We interrupt our regular broadcast to bring you this breaking news report...
You've heard about my reprobate chickens, right? Those beautiful biddies that were tiny balls of adorable yellow fluff only a year ago, but that grew into bimbos who frequently exposed themselves to needless danger and who wallowed my strawberry beds to bits? Yep, those chickens. Yes, they are stupid. Yes, they frustrate me. But in spite of all that, they are my chickens and I love them...sort of...in a chickeny kind of way.
This morning, when I opened the small door on the side of the hen house in order to let the chickens out into their yard, no hens came charging down the gang plank like usual. Odd, I thought. It was almost 8:00, and the sun was high and bright. Normally, the hens would've been pushing past each other to get into the yard. Instead of their familiar morning cackling, I heard only a quiet Prrrt, prrrt, prrrt from inside the hen house. I couldn't imagine why they'd still be sleeping.
I filled the feed and water buckets in the yard, then went around to the big door to fill the feeders inside the hen house. I opened the chicken house door.
Carnage! Blood! Feathers!
And six terrified hens clinging to the top roost in stunned silence.
What on earth had happened?!
I went back out and inspected the hen house. Nope, no openings through which something could've squeezed in. No sign of digging around the foundation. Maybe the murderer was still inside.
Back in the hen house, I investigated every nook and cranny. Nope, no trespassers. Leaving the few surviving hens in stunned silence, I ran to the house. "Ben, I need your help! Something's been in the hen house and has killed my chickens. We have a mystery to solve!"
By the time Ben joined me at the chicken house a few minutes later, I was pretty sure I had determined the point of entry for the mysterious murderer. There is a small, heavy door on the back side of the house, from which we can clean the poop out from underneath the roost. The latch on that door was stilled securely fastened, but there was a tiny crack along the bottom edge...and lots of scattered feathers.
Obviously, some critter had gotten in, done his dirty work, and then been unable to squeeze the fat biddies out of his tiny exit.
We knew point of entry. Couldn't find any tracks, so we went back inside to try to determine method of execution. Four fat hens lay splayed on the floor, stiff but unmauled...except that all four were missing their heads. We found two of the heads, also pretty much unmauled. The other two heads...well, I suspect they're giving our thief indigestion about right now.
So, some varmint had squeezed himself into the hen house, beheaded four fat hens, and then snuck away under the cover of darkness. Something that could climb over a fence, instead of digging under it. Except that we eventually found a place low in the chicken wire that we think he might have squeezed through.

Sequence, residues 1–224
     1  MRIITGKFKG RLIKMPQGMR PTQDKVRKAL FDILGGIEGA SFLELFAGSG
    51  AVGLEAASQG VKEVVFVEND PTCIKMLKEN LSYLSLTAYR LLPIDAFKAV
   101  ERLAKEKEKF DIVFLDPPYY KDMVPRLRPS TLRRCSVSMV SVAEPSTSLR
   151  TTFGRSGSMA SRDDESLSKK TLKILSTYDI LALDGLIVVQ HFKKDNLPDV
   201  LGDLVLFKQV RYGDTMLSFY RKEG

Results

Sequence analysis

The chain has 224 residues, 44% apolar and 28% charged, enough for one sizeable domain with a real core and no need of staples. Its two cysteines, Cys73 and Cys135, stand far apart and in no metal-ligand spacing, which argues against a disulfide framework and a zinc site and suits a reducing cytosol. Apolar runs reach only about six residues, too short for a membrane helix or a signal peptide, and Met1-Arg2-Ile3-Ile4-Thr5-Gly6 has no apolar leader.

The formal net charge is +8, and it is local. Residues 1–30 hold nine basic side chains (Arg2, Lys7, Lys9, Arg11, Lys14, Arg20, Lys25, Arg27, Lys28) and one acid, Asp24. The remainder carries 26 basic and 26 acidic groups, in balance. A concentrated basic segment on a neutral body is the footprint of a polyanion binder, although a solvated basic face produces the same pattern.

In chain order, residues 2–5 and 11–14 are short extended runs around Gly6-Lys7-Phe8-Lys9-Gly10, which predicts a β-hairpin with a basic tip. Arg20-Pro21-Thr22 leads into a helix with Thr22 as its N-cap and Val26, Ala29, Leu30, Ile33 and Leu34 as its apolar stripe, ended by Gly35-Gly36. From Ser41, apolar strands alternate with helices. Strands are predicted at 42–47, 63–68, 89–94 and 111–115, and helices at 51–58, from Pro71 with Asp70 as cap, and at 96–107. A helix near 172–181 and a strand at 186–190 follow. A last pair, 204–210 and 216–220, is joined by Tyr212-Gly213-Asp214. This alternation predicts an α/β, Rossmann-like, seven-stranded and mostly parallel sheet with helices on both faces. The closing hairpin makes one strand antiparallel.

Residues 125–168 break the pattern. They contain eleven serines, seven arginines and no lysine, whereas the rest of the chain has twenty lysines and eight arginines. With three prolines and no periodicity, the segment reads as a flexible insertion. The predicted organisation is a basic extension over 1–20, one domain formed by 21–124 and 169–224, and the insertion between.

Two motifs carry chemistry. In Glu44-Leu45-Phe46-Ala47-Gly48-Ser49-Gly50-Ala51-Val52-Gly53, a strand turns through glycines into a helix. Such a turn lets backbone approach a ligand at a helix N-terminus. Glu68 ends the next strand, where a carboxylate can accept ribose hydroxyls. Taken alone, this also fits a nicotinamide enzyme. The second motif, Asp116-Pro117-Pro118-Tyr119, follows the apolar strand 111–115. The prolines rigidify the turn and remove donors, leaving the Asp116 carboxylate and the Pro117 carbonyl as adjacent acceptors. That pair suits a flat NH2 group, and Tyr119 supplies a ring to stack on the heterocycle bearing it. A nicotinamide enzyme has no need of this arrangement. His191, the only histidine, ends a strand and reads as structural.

I began the nasty job of cleaning out the hen house while my young men headed inside to do a little research. Buff Orpingtons are big birds - I think I hauled away fifty pounds of dead chicken. Emptied the pine shavings. Scrubbed the worst of the blood splatters. When I finally headed back to the shed with my tools, two hens were still sitting petrified on the roost, but the other four had timidly ventured out into the chicken yard.
Back in the house, Reuben showed me this really cool website: All About Chicken Predators. We think we have identified our murderer: a raccoon.
Raccoons are not cute, furry, sweet little critters wearing adorable black masks. Folks, raccoons are cold-blooded murderers. I don't think I'd have minded so much if our villain had killed a chicken, eaten his fill, and then fled the scene. But, no, he killed four adult chickens. Murdered them in their sleep, no less. And then he ate only two heads. Talk about senseless, wanton carnage!
I admit, in the past I have looked at baby raccoons - or even an adult raccoon - and thought, "Oh, how adorable!" Not anymore. Next time I see a raccoon, I'm going to be saying something like, "Hand me a shovel so I can knock that rascal in the head!"
A few thoughts in conclusion:
Henny Penny/Minerva Louise/Punchinella - the old red hen that was the last of Ben's original flock, she went by many names - the old red hen, I am happy to report, died peacefully in her sleep earlier this week. I am so thankful she missed the traumatic horrors that occurred in the hen house last night. She was such a sweet hen (and smart, as far as chickens go) - may she rest in peace.
Nate The Trapper, I have a job for you to do next time you're home.
If I'd known I was going to be cleaning out a nasty, blood-spattered chicken house this morning, I think I'd have waited to take my shower until later in the day. Now that I'm all nasty and sweaty, maybe I should go work in the garden instead of doing the paperwork I had planned on tackling.
Finally, Mr. Next Door Neighbor, we got rid of our dogs for you. For YOU. Now, we have deer in the garden, feral cats in the shed, snakes in the yard, and we regularly sight stray dogs and coyotes back on the farm. AND, we have raccoons in the chicken house. My flock of reprobate chickens is down to six terrified, emotionally-scarred hens. I'm thinking it's about time to get a dog again. A big dog. With big teeth. And, no, I don't think I'd be inclined to kennel him or keep him on a leash, just for you.
Or maybe I'd just better take a deep breath and try to calm down.
This life in the country really gets me worked up sometimes.
1 month ago